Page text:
(Reuters) - The San Francisco 49ers and the Houston Texans dominated the National Football League Pro Bowl selections on Wednesday, sending nine and eight players respectively to the game.
Six of the 49ers named to the NFC squad were on defense, including linebackers Aldon Smith, NaVorro Bowman, Patrick Willis along with strong safety Donte Whitner and free safety Dashon Goldson. Lineman Justin Smith is the other defensive player from the San Francisco team selected.
Green Bay Packers quarterback Aaron Rodgers was named starter for the game that will be played in Honolulu on January 27, a week before the Super Bowl.
Rodgers, named the NFC starter for the second consecutive year, will be backed up Washington Redskins rookie Robert Griffin III and the Atlanta Falcons' Matt Ryan.
The Detroit Lions' Calvin Johnson, who has already broken the single season receiving record, headlines a receiving corps that includes Atlanta's Julio Jones, the New York Giants' Victor Cruz and the Chicago Bears' Brandon Marshall.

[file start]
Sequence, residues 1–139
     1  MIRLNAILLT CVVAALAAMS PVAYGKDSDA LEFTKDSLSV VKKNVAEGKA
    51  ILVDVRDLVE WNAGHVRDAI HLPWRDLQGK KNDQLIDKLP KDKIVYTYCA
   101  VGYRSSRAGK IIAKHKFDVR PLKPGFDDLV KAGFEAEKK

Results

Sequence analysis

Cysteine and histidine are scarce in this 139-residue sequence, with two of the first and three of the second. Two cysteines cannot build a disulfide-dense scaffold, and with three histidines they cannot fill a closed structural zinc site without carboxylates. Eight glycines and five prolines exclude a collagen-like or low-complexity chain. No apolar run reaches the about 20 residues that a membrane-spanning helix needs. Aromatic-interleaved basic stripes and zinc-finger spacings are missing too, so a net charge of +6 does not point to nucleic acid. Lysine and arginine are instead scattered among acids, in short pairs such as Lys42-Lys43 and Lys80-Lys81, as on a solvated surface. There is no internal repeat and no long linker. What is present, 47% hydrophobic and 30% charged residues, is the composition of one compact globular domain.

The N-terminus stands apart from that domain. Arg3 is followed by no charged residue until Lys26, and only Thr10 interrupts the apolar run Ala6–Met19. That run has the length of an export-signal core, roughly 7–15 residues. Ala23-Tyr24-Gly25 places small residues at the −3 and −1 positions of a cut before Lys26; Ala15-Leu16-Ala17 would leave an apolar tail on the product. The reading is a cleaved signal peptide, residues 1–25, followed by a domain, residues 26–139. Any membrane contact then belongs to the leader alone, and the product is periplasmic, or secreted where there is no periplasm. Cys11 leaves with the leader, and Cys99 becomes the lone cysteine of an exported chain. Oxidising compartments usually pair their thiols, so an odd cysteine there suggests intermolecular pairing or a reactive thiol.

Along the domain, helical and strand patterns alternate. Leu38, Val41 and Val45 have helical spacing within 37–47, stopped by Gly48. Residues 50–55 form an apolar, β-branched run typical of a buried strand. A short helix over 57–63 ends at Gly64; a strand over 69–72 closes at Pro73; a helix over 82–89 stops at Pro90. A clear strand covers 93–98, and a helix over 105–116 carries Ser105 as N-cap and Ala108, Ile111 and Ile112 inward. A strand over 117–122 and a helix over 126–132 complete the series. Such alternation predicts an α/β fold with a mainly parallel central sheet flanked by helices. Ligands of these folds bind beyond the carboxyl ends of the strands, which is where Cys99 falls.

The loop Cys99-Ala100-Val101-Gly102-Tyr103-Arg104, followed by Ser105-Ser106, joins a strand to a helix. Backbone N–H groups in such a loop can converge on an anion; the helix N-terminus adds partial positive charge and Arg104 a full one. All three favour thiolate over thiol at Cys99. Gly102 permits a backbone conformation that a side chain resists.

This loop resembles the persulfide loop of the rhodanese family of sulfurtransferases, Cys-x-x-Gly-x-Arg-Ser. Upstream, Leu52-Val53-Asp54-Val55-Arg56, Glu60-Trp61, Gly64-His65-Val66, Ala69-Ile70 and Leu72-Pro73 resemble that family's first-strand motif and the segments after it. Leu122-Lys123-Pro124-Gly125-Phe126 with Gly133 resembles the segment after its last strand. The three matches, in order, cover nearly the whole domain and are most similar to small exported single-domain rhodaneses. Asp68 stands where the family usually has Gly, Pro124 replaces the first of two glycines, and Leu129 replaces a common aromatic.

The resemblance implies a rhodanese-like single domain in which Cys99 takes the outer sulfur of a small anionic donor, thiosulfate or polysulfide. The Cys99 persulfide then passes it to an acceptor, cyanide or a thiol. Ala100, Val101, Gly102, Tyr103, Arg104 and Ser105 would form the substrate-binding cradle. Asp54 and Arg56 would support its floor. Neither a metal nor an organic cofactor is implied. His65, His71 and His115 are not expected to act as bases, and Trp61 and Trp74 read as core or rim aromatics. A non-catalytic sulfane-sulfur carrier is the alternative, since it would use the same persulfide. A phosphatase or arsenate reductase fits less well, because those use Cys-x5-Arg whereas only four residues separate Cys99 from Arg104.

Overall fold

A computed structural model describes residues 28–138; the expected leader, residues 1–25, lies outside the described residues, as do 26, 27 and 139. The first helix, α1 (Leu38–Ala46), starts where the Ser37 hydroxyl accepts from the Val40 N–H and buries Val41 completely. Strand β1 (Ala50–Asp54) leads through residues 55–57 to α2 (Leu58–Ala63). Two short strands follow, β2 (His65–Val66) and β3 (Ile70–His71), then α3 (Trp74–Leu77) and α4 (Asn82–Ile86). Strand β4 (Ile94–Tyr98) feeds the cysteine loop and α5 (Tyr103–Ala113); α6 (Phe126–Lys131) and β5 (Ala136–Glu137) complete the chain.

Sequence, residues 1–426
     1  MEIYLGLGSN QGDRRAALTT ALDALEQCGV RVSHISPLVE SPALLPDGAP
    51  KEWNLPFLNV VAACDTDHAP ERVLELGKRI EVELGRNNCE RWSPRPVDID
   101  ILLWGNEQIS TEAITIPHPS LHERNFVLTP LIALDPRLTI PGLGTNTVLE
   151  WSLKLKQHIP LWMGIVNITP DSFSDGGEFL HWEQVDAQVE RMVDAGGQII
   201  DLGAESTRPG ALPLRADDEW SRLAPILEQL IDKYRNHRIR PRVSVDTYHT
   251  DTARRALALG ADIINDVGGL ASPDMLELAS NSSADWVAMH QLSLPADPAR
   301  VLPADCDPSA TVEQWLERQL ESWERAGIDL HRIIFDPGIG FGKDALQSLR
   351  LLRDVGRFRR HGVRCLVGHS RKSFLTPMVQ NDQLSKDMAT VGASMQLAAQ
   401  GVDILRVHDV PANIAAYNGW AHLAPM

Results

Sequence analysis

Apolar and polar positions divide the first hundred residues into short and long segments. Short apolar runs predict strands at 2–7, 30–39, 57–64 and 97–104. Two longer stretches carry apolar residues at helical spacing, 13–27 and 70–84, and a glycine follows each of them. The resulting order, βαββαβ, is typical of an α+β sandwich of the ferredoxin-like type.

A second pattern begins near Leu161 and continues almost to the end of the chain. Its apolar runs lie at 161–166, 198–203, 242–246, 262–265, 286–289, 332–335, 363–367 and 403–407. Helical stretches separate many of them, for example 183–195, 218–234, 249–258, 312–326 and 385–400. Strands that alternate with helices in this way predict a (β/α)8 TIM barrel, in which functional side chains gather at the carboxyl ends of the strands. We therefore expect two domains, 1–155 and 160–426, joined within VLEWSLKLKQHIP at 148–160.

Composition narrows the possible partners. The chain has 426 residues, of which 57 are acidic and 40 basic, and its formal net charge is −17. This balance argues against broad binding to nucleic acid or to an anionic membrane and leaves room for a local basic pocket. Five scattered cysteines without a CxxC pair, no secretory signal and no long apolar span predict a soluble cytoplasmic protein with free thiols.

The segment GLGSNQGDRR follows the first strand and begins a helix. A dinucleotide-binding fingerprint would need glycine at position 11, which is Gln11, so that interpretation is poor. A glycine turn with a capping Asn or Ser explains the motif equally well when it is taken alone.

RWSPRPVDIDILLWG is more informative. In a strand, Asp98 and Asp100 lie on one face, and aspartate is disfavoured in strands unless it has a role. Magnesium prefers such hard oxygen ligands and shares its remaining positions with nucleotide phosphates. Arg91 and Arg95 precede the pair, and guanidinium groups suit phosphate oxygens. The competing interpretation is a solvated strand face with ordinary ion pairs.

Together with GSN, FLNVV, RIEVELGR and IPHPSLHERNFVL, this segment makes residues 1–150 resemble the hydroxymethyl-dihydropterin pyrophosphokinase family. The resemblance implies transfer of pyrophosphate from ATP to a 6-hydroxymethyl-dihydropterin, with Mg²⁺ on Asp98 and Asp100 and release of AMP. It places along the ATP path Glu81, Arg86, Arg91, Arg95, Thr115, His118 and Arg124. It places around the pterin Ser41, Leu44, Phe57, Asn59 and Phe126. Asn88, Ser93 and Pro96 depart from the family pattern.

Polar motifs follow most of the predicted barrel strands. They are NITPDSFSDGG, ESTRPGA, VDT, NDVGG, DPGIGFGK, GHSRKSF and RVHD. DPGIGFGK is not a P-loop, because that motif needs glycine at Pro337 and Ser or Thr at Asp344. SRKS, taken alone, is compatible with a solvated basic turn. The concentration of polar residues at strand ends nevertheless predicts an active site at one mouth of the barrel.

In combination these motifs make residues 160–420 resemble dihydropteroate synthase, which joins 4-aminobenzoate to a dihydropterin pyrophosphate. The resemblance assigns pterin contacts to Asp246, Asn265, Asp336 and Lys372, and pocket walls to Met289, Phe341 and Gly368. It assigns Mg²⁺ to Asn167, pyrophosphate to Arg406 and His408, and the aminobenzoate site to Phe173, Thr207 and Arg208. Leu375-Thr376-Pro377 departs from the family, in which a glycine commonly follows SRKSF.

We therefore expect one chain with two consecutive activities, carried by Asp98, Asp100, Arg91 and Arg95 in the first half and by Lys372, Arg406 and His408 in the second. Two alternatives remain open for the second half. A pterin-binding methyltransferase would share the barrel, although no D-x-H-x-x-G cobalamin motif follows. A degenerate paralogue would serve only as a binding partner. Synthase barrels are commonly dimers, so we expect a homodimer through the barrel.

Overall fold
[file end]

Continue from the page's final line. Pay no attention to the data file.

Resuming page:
Minnesota Vikings running back Adrian Peterson, who is closing in the single season rushing record will share the running back duties with San Francisco's Frank Gore and Seattle's Marshawn Lynch.
The AFC will be led by Denver Broncos quarterback Peyton Manning, who was named to his 12th Pro Bowl team.
The four-time NFL most valuable player leads the AFC in touchdown passes (34) and passer rating (103.7) and will be backed up by the New England Patriots Tom Brady, an eight-time All-Star selection and the Houston Texans Matt Schaub.
All three quarterbacks will have familiar targets, with Texans Andre Johnson, Patriots' Wes Welker and Manning's former-Indianapolis Colts team mate Reggie Wayne earning selection at wide receiver along with Cincinnati's A.J. Green.
The AFC defense will feature a ferocious pass rush with the Broncos' Elvis Dumervil, Miami Dolphins' Cameron Wake and Texans' J.J. Watt selected as defensive ends while Denver's Von Miller and the Kansas City Chiefs' Tamba Hali anchor the linebacking corps.
Players from teams that make the Super Bowl will drop out of the Pro Bowl and be replaced.
(Reporting by Steve Keating in Toronto; Editing by Greg Stutchbury)